Ok, I'm about to spill secrets. Keys to the kingdom. Pull the curtain aside to reveal the wizard.
May I humbly present: abbreviations/slang terms I have used in training/practice for the past 15 years. Otherwise known as reason #2461 why I am going to hell.
Disclaimer full of way too much honesty: I enjoy taking care of (nearly all of) my patients. The work is (exhausting) rewarding. But sometimes docs have to insulate themselves from the boatloads of >crazy< and frustration and quite frankly, keep from going down the black hole of sadness that sometimes comes with the territory. And no, I'm not depressed, not in the least. But this warped sense of humor is what keeps me from reaching for zoloft….
#1) "Calorie overdose" = Mentioned in an irreverent dictation by a colleague who was up to his eyeballs in obese patients. I think my buddy finally cracked. He also got a reprimand for writing that phrase. Come on, everyone knows you never EVER put this stuff on paper.
#2) "Facultative anaerobe" = Patients who survive in a low-oxygen environment. Often seen in little old 3 pack/day smokers who believe that their end-stage COPD requiring 4 liters of O2 has "absolutely nothing" to do with their tobacco use. Often as O2 levels drop, confusion increases, as does levels of denial and general blame of the doctor not being able to fix the breathing problem.
The practice of medicine has been part of my life for 15+ years now. The lessons keep coming. Just when I think I've got a great handle on things, new information comes out or I see something I've never seen before.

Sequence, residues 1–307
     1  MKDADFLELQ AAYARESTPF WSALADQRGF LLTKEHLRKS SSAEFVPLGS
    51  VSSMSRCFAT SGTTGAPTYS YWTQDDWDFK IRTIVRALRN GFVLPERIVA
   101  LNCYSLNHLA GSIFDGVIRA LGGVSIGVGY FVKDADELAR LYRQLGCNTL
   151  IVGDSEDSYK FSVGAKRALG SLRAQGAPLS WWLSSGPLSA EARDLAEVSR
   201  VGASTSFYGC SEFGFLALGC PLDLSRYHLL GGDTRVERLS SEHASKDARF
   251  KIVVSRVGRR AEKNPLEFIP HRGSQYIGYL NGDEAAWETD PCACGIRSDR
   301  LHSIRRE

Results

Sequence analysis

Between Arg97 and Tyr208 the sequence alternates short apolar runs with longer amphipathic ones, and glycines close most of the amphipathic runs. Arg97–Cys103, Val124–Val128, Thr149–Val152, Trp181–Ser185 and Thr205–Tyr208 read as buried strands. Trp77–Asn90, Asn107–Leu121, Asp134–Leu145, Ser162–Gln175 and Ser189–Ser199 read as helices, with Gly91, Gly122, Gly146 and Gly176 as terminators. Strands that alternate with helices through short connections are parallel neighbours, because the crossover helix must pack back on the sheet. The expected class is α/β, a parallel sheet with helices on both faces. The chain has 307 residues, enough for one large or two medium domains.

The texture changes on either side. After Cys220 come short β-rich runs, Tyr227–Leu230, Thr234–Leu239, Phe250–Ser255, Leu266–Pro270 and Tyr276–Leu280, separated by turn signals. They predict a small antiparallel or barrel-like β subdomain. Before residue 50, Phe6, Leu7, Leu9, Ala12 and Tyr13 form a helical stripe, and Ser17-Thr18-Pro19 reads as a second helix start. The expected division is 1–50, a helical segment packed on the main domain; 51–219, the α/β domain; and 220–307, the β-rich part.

Here's what I've learned so far in medicine.
1) The learning doesn't stop at med school, residency or fellowship. That just scratches the surface. God, I was such a little punk then. Clueless.
2) Most of what is learned doesn't come from a book. It comes from experience, or it comes from instinct (a fancy word for experience + gut feeling). And it comes from trial and error.
3) Dr. House is right. Patients lie. All the time. Unless you can get them to trust you and tell you the whole ugly truth. Sometimes this will happen. But usually not when it involves controlled substance prescriptions.
4) There is humor in anything, even the process of dying. Sounds sick, right? Many patients have told me that they appreciate feeling "human" when I can still make (appropriate of course) jokes with them, even as they enter hospice. Everyone deserves to be treated like a human, not a collection or organs.
5) Emotional separation is necessary and possibly career-preserving for the physician. It's possible to care but not absorb all of the pain and suffering. Not having this ability to separate from the situation leads to depression and burnout. (been there)